Health-care worker Amber Joy Vinson, who is being treated for Ebola, reportedly knew she had a low-grade fever before she boarded a plane on Oct. 13 from Cleveland, Ohio, to Dallas, Texas, authorities say – and the plane she took continued to carry passengers to three states before it was cleaned.

Vinson flew on Frontier Airlines flight 1143 Cleveland to Dallas/Fort Worth. The flight landed at 8:16 p.m. CT.

According to KTVT-TV, that same plane was used for five more flights before it was removed from service Tuesday. Those flights included:

  • A return flight to Cleveland,
  • Cleveland to Fort Lauderdale–Hollywood International Airport (FLL),
  • FLL to Cleveland,
  • Cleveland to Hartsfield–Jackson Atlanta International Airport (ATL),
  • and ATL to Cleveland.

Fox News reported the plane that transported Vinson was then cleaned twice and put back into service for a flight to Denver, Colorado, Wednesday.

“Although she (Vinson) did not report any symptoms and she did not meet the fever threshold of 100.4, she did report at that time she took her temperature and found it to be 99.5,” said CDC Director Tom Frieden.

Frieden said the fact that Vinson had a mild temperature and had been exposed to the virus when she treated Ebola patient Thomas Duncan should have prevented her from ever getting on the plane alongside 132 other passengers. According to medical records obtained by the Associated Press, Vinson had been exposed to Duncan’s body fluids, inserted his catheters and drew his blood.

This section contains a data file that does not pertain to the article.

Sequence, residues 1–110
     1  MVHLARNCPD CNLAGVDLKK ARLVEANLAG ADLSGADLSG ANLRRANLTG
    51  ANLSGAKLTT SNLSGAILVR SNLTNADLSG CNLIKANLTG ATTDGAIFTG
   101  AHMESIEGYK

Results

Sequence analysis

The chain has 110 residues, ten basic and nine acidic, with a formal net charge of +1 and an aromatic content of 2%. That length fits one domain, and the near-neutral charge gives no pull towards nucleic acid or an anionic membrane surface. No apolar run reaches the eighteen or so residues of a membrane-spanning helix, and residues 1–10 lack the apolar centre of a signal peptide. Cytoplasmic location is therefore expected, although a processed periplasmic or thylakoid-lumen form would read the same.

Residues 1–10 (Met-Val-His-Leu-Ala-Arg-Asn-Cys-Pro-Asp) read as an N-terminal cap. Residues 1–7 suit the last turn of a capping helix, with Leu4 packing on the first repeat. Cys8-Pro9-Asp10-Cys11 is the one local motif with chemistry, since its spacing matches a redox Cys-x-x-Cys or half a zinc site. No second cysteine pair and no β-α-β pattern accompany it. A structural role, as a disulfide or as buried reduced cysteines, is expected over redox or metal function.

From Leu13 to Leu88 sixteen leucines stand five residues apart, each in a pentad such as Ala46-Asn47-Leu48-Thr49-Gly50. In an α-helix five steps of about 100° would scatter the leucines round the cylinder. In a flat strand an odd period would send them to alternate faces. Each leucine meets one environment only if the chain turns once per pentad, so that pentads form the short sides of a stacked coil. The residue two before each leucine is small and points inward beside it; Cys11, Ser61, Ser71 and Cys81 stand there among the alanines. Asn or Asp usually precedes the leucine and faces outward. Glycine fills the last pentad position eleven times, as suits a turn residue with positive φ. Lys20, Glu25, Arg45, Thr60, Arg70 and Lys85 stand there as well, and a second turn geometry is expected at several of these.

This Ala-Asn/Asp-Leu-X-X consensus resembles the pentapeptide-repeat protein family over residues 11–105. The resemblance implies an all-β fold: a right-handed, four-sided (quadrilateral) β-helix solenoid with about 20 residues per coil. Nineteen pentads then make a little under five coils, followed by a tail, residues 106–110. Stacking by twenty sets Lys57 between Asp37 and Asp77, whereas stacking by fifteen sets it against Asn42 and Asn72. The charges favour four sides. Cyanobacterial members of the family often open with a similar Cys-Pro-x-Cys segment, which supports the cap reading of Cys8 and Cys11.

Frieden said people who have been exposed to Ebola should not fly on commercial planes.

“I don’t think that changes the level of risk of people around her,” he added. “She did not vomit, she was not bleeding, so the level of risk of people around her would be extremely low.”

Frieden said the other 75 health-care workers who treated Duncan at Texas Health Presbyterian Hospital will not be permitted to fly.

Vinson is the second health worker at Presbyterian Hospital to contract Ebola after caring for Duncan, who died last week.

Meanwhile, the Federalist reports President Obama already has an “Ebola czar,” Dr. Nicole Lurie – and she’s was reportedly involved in a major scandal three years ago in which federal funding was directed to a company with ties to a Democrat donor and away from a company that was developing treatments for Ebola.

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Other developments Wednesday included:

  • The CDC said Vinson will be taken to Emory Hospital in Atlanta for treatment. Emory is where Ebola patients Dr. Kent Brantly and Nancy Writebol were treated and released in August.
  • Nina Pham, the first person to contract Ebola in the U.S. and a nurse at Presbyterian Hospital, is isolated and remains in good condition at the hospital.
  • National Nurses Unites, a nurse’s union, complained that health workers in Dallas were “left to train each other” and continued treating other patients after treating Duncan. “There was no advanced preparedness on what to do with the patient,” the union said in a statement. “There was no protocol, there was no system. The nurses were asked to call the Infectious Disease Department. The Infectious Disease Department did not have clear policies to provide either.”
  • President Obama canceled a fundraising trip to call Cabinet members for a meeting on Ebola.
  • Obama reassured Americans that the government’s strategy of identifying, isolating and monitoring contacts of Ebola patients is working. He said, “I shook hands with, hugged, and kissed, not the doctors, but a couple of the nurses at Emory because of the valiant work that they did. In treating one of the patients, they followed the protocols, they knew what they were doing, and I felt perfectly safe doing so.”

Related column:

Ebola math by Dr. Brian C. Joondeph

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